Four Categories of Urinary Incontinence

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By nclexnursing

Involuntary urination, commonly known as urinary incontinence, is any uncontrolled pee leaking. It’s a common and distressing issue that can have a significant influence on one’s quality of life. It has been acknowledged as a critical issue in the field of geriatric medicine. Enuresis is a term that is commonly used to describe urine incontinence in children, such as nocturnal enuresis bedwetting.

Urinary incontinence can be divided into four categories

Incomplete closure of the urinary sphincter due to abnormalities with the sphincter or insufficient strength of the pelvic floor muscles supporting it causes stress incontinence, also known as effort incontinence. When urine escapes during activities that increase intra-abdominal pressure, such as coughing, sneezing, or bearing down, this is known as stress incontinence.

Urge incontinence is involuntary leakage of pee caused by a sudden desire or urge to urinate, which is mainly caused by overactive bladder syndrome.

Overflow incontinence is incontinence that occurs without a need to urinate and without the need to do any physical exercises. Under-active bladder syndrome is another name for it. This usually happens when the bladder outlet is obstructed for a long time or when disorders affect the neurons that supply the urine bladder. The pee extends the bladder without the individual feeling the pressure, and the urethral sphincter’s ability to hold it back is eventually overwhelmed.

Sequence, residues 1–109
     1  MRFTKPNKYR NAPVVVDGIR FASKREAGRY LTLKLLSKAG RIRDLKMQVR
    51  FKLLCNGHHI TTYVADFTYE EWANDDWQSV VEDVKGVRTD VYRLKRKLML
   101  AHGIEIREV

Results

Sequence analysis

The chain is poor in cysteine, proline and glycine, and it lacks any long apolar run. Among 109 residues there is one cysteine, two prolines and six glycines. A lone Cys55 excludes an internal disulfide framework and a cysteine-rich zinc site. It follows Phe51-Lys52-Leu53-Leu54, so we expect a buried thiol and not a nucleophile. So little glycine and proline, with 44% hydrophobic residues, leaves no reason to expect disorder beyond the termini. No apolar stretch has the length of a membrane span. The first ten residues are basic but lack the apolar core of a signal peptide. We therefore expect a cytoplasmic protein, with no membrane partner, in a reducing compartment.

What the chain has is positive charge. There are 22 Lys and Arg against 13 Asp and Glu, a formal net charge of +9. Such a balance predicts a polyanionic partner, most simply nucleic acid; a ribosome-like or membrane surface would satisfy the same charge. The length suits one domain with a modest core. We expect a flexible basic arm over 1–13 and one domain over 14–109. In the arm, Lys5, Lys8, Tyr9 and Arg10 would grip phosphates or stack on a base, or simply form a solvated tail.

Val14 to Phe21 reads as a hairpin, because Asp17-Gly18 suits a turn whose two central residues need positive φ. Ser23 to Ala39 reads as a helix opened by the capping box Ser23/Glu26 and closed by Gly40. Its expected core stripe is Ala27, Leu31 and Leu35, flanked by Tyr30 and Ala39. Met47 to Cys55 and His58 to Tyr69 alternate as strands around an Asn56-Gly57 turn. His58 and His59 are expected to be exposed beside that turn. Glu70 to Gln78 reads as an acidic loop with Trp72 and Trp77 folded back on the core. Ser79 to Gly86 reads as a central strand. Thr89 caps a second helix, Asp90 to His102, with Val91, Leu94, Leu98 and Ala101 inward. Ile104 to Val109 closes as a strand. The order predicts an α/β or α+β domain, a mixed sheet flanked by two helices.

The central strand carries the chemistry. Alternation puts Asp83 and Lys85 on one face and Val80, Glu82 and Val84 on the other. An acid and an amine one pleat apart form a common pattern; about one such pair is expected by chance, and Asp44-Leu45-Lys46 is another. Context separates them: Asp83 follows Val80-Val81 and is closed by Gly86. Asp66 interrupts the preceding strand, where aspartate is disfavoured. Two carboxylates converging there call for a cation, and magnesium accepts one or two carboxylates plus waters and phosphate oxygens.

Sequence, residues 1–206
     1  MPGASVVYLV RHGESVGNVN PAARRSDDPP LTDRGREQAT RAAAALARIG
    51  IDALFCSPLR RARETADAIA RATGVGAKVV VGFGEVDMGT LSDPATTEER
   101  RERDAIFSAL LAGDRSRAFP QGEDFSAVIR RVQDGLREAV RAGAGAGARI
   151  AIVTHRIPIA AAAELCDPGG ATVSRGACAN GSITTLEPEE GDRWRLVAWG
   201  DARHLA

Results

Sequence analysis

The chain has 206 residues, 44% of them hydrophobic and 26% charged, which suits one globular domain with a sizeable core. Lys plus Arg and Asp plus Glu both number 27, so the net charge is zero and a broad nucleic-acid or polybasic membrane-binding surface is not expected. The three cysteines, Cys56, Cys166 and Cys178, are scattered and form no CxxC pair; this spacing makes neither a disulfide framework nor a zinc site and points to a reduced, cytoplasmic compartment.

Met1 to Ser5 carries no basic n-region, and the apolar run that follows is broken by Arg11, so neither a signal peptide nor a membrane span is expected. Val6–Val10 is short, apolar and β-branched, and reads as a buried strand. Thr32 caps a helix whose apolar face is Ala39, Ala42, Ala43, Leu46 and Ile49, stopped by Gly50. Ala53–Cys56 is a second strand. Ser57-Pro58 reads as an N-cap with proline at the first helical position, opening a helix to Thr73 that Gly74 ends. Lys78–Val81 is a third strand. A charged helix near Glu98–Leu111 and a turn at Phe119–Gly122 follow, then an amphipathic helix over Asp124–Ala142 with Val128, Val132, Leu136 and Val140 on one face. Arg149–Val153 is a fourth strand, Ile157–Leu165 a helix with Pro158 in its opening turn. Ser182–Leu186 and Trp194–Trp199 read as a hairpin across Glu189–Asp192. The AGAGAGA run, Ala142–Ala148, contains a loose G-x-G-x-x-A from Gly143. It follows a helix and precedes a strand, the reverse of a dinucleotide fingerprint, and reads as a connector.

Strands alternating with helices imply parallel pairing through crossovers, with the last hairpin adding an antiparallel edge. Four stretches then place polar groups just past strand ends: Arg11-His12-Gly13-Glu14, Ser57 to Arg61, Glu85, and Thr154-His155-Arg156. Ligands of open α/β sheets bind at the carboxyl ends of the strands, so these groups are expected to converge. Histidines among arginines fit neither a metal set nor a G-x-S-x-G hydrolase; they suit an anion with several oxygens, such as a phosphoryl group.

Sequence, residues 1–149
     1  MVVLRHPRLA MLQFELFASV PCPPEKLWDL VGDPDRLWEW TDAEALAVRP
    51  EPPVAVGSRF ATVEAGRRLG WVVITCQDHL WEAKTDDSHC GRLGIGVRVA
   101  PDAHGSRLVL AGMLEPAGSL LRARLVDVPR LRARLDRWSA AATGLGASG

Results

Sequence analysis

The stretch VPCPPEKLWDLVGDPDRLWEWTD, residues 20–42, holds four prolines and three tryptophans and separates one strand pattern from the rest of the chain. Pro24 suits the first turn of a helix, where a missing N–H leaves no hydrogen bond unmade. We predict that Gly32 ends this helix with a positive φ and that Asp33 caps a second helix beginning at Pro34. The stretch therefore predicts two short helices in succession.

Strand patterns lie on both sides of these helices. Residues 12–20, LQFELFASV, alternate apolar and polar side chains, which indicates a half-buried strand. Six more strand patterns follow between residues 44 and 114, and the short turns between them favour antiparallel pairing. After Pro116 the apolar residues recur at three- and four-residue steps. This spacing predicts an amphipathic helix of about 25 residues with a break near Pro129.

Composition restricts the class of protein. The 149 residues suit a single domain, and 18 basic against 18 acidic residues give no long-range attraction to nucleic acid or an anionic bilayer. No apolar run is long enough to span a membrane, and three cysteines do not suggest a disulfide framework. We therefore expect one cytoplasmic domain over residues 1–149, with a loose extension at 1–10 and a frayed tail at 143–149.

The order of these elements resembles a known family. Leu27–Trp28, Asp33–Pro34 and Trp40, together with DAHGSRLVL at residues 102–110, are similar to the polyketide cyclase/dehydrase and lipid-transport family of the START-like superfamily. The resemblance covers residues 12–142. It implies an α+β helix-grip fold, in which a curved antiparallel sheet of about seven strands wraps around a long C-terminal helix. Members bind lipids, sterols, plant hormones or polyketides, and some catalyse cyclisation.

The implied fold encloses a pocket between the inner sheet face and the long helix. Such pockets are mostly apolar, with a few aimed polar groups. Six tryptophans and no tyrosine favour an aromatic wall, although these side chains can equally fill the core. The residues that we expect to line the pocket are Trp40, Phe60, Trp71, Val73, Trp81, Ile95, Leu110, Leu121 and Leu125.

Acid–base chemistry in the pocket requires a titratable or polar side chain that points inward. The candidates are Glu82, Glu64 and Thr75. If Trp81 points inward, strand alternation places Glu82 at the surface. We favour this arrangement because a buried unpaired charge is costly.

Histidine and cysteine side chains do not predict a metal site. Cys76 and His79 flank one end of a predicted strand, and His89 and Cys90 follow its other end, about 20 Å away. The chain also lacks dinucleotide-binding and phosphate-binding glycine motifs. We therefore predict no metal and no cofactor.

Mixed incontinence is a type of incontinence that has symptoms of several different types of incontinence. It’s frequent among the older female population, and urine retention can make things worse.

Management Of Urinary Incontinence

Conservative treatment, behavioral therapy, bladder retraining, pelvic floor therapy, collecting devices for males, fixer-occluder devices for incontinence (in men), medicines, and surgery are among the therapeutic options available. Nonpharmacological and pharmacological therapies for UI in non-pregnant women are both effective, according to a 2018 systematic review update. Except for hormones and periurethral bulking agents, all treatments are more effective than none in improving or curing UI symptoms and achieving patient satisfaction. The accuracy of diagnoses is critical to treatment success.


Fesoterodine, tolterodine, and oxybutynin are some of the drugs used to treat urine incontinence. These drugs act by relaxing the bladder’s smooth muscle. While some of these drugs appear to provide a minor advantage, the possibility of side effects remains a concern. Treatments work for around one out of every ten patients, and all medications are equally effective.

Medications are not suggested for those who have stress incontinence; instead, they are recommended for people who have urge incontinence and have not improved with bladder training.